Moving on from the past: Confronting our problems

Due to recent racial incidents, it is clear we need more action from students - not just administration.


By Anum Shafqat, Editor-in-Chief

Clad in a black beanie and heather gray Lane sweatshirt, the teenage boy approached. He eyed his group of friends up ahead and his pace quickened. He grabbed the arms of his closest friend and forced his torso onto his friend’s back and shook him back and forth.

The boy howled, “You’ve just been raped!”

They all laughed.

I continued walking to my classroom and tried to shake off what I had just witnessed. A boy using rape as a joke. A boy shaking another boy and calling it “rape.” Three teachers giving each other a look and walking into their rooms to begin class. In my peaceful and progressive bubble, it seemed almost unreal.

In his Farewell Address, Barack Obama said, “We must uphold laws against discrimination…. But laws alone won’t be enough. Hearts must change.”

As we welcome a new year, it is important to recognize the fact that hearts have not changed.

And honestly, I am sick of how we don’t talk about it. And when we do, the discussion is meant to express disappointment and give us a stern talking-to. The assembly Lane has had about the Kahoot incident is an example of this.

The assemblies were held by administration and it is easy to say they did not respond to discriminatory incidents the “right” way — when I left that auditorium, I heard giggles from the senior class, not talk about how important the speeches were. Specifically, at the Kahoot meeting, the statements were repetitive and changed little to no hearts.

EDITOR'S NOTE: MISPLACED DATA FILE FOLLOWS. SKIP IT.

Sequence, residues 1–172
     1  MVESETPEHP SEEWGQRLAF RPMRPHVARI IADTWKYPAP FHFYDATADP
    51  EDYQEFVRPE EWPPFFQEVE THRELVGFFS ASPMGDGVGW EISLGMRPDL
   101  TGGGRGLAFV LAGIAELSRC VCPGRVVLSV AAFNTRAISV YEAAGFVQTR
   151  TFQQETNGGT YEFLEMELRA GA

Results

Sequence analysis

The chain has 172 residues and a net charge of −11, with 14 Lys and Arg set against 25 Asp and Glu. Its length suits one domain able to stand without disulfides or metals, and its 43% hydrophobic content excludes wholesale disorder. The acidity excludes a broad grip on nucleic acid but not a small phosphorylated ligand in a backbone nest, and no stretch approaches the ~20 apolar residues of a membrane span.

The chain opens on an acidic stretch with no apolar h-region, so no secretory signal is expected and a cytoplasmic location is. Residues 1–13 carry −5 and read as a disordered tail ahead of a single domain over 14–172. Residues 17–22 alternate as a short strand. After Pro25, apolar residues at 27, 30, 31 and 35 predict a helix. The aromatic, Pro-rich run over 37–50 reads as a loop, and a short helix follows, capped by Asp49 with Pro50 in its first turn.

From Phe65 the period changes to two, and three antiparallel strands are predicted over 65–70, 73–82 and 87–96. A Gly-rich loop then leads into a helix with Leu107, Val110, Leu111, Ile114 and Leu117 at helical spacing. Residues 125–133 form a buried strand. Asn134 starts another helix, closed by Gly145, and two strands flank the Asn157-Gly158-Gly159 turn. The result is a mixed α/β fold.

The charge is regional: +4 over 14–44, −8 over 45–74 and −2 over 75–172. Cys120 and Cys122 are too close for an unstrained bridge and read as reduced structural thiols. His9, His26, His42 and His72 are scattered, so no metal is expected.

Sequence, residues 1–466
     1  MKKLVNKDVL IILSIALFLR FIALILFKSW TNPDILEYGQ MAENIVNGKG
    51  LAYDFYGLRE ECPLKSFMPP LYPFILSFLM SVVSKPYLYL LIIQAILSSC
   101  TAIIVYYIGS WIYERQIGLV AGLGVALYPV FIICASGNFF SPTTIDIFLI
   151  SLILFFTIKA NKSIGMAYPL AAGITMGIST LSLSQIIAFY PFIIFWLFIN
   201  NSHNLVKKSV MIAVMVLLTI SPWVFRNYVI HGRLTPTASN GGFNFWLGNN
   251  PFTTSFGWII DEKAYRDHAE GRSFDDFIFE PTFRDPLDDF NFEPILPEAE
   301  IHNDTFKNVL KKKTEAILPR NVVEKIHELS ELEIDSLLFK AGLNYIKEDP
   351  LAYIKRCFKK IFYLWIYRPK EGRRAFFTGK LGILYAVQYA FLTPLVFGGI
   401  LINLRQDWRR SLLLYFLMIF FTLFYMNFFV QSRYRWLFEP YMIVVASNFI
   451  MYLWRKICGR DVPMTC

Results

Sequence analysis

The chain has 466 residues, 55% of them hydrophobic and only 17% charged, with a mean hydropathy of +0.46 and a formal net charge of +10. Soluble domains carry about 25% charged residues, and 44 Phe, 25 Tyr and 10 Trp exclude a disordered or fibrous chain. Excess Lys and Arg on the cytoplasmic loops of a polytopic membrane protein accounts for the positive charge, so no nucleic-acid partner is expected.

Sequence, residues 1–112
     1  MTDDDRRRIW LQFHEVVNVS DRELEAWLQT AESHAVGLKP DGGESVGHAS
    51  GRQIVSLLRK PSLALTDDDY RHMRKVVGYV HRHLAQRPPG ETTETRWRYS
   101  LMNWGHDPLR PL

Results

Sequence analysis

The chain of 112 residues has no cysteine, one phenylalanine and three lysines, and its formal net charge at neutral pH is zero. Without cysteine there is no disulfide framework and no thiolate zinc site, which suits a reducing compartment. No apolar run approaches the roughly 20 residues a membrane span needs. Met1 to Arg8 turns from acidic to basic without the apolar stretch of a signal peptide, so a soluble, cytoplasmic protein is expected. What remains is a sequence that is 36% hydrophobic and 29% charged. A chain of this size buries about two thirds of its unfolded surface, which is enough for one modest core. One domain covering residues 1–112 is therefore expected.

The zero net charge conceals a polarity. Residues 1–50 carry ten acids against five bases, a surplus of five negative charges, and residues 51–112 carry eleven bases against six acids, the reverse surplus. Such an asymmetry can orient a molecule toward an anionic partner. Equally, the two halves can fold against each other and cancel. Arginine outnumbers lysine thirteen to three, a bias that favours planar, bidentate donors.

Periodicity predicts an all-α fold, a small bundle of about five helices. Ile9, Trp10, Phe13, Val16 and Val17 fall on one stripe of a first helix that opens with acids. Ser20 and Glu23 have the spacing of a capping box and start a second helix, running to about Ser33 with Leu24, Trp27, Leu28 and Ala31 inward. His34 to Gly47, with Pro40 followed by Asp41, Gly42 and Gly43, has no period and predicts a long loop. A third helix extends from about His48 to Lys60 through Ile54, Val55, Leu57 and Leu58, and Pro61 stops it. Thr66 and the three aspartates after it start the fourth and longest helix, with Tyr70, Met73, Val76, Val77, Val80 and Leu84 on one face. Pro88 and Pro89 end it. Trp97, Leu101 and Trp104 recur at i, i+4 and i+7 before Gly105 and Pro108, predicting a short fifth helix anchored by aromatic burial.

But, what would have? What would have caused students to realize their mistakes?

It definitely will never be the disappointment expressed at an assembly or a student’s sudden urge to uphold Lane’s reputation. For many years, Lane has been known for its diversity and that diversity has been appreciated. It is not a platform for students to say hurtful statements to others who are different from them. I am lucky to learn in an environment where I feel safe.

The problem here is that the feeling of safety does not apply to everyone. Whether it be a rape joke or a student saying the n-word, we as community do not know how to handle these instances. When a racial issue occurs, we are so inexperienced with dealing with them that we forget to look at the greater picture of progress, or even discuss the actual situation at hand.

Again, we could look to administration to step in and stand up against it. Oh wait, they already have. Numerous times. Through assemblies and emails, they have been open about their feelings toward hate-filled speech.

In an interview, Principal Tennison said, “I have no tolerance for it. I think that exclusionary, hate-filled speech is wrong. Anything that excludes in a hate-filled way is reprehensible. I came here and made very clear that I wanted acceptance. I do not want tolerance, I want acceptance.”

For this exact reason, a student came to Tennison and Mrs. Hanly with concerns of people’s safety, especially with the beginning of Trump’s presidency. So, the student began a campaign called #LaneAccepts. This was one initiative I think made an impact on Lane students.

It made an impact because it was started by a student, created for other students. It was an act of pure care for others and guided by the need to feel equality at the a time where every minority feels that their existence is being threatened.

If we do not talk about these issues, hate and ignorance continues. If the teachers and students in that hallway called out the boy who used rape as a joke and talked to him about it, progress would have been made. If someone talked to him with no contempt in their voice, but a genuine attempt at discussion as to why this wrong, progress would have been made.

One voice, however, is not enough. Change has never come from just one person. This includes any administrator, student, or president. Change comes from a group of people who believe in one coherent idea, one way of thinking. If that way of thinking is acceptance, make your voice heard and make your voice loud.